I don’t mean to intimidate you, but I can’t help it. I’m a mountain man of Central Pennsylvania now. Grizzly face. Worn-out wrinkles. Tired eyes that have scanned the horizon from Stone Creek to Mt. Nittany. From Bellefonte to Tyrone. From Old Main to the Starbucks on Atherton. The sensitive boy who grew up on the mean streets of Highland Park in St. Paul has faded. And now, as a sailor-poet once said, I am what I am. Rugged.
The world is burning friends. The Covid is angry. American democracy dissolves in the face of nationalistic zeal. A fervor fueled by a pathetically transparent, money-hungry oligarchy. These oligarchs are on the verge of doing away with elections. The polar ice caps are melting. Our Comcast bill continues to rise as my children attend school inside a computer. My student loan debt laughs at me. The Minnesota Twins can barely keep up with the lowly Detroit Tigers. We didn’t start the fire, friends. Well, maybe we did. But things are really cooking now.
So what’s a rugged mountain man to do? Take to the hills, friends. And that’s exactly what I did this Labor Day weekend. I gathered my family. We grabbed our sleeping bags. Packed the tent. The Tanners traveled the Central Pennsylvania wilderness, and ended up twenty feet from our back door.
Camping, friends. It is what we rugged people of Central Pennsylvania do as the world collapses.
“This is the first time I’ve ever been camping!” Solomon squealed with delight.
I looked at him with hardened eyes.
“I know, boy,” I told him. “Yinz will get used to it.”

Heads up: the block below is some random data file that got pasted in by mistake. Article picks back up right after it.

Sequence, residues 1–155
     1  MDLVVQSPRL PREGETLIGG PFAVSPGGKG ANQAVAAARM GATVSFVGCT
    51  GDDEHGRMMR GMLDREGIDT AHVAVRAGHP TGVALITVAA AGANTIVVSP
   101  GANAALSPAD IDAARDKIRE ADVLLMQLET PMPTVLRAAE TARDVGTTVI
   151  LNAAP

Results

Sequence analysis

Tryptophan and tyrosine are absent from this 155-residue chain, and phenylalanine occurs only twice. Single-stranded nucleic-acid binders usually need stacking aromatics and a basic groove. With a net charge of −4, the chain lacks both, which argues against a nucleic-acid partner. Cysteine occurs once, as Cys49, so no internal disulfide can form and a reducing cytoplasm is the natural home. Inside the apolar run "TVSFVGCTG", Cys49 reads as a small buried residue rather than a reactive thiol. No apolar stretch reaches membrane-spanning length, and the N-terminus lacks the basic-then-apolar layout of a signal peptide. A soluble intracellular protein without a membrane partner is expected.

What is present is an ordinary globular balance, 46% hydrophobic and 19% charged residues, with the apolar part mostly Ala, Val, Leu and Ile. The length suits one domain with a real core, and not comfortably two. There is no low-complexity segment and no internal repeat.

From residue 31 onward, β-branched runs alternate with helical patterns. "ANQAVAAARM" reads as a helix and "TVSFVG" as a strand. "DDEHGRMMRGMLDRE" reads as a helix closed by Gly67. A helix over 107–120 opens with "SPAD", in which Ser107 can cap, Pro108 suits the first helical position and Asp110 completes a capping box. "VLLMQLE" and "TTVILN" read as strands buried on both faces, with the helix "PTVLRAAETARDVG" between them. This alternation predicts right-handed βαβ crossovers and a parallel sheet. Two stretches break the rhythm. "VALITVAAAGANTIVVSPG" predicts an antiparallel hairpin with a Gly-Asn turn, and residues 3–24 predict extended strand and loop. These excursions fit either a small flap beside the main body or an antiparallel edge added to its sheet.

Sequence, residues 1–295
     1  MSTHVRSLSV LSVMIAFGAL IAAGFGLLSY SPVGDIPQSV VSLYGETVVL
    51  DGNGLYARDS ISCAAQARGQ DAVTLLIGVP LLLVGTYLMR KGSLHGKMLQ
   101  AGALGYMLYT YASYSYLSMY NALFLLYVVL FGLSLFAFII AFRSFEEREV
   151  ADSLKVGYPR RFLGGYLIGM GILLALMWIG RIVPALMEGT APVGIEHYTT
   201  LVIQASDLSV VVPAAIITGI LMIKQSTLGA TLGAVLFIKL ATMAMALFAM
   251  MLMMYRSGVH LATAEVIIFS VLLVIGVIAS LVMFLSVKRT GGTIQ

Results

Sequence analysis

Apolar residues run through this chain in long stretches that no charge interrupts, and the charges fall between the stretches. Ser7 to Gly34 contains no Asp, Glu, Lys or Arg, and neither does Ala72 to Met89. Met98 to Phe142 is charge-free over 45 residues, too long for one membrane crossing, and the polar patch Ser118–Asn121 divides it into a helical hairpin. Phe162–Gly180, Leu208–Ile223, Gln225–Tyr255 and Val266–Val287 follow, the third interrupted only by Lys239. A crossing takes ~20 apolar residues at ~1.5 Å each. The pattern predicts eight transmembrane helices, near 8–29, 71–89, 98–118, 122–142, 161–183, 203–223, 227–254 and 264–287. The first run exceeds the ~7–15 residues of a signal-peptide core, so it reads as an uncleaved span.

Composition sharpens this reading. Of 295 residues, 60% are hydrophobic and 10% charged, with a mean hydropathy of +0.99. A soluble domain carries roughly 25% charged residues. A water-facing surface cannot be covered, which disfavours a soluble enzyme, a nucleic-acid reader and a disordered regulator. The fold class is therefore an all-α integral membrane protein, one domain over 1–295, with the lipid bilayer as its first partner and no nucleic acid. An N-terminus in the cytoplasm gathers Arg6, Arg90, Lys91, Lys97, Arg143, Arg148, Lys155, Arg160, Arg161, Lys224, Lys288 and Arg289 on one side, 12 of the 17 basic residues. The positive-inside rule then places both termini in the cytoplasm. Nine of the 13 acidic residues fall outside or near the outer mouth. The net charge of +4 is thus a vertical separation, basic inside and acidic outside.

The Tanner family intended to camp this summer. So we got a tent. A lantern. Some sleeping bags. We scouted the local campgrounds. To our dismay, they were teeming with campers. Each RV contained more Covid than the last. So we didn’t make it out to Black Moshannon or Greenwood Furnace or any of the other beautiful state parks near us. But, come September 5th, 2020, we made the decision to take to our backyard. A wild place. A rugged place.
I taught my boys to respect the land, as any person of the mountains might do. We cooked chicken burgers from Trader Joe’s on the grill. We roasted marshmallows on that same grill because, darn it, we don’t have a fire pit. But when you’re rugged like us, you learn to make do. So chocolate covered our rugged faces as we shoved rugged s’mores into our rugged mouths.
We colored pictures of monsters from Minecraft, read books, and played Sorry. As the ancient ones did. I set my phone against the wall of the tent, and watched Kenta Maeda lead the Twins to a 4-3 victory over Detroit. We attuned ourselves to the earth at sunset. A holy ritual.
Sure, our neighbor started mowing their lawn at 9:00 PM (because who doesn’t mow their lawn on Saturday night after the sun goes down?) And yes, we may have had seventy-three pillows, countless stuffed animals, and Solomon’s robot-night-light to keep us company. But we were rugged, darn it.
Apocalypse now? Okay. The Tanner’s are ready.
Sure, I didn’t sleep a wink. And yes, my body felt like it had been crushed by a steamroller in the morning. And maybe a freaking spider found its way into our tent and, somehow, was dangling from the ceiling in the morning. And maybe I squealed a little when I saw the spider. But we did it. We survived the night.
“Did you like camping, Solomon?” My tired wife asked our son in the morning.
“It was fun!” Solomon said with real enthusiasm.
“I was cold,” Samson complained.
I looked at my boys with wild, rugged eyes.
“Yinz will learn to deal with the cold.”
I looked up. Scanned the gentle mountains in the distant. Let the cool September air rush over me.
“Yinz have plenty of cold coming your way. It’s time to toughen up, boys.”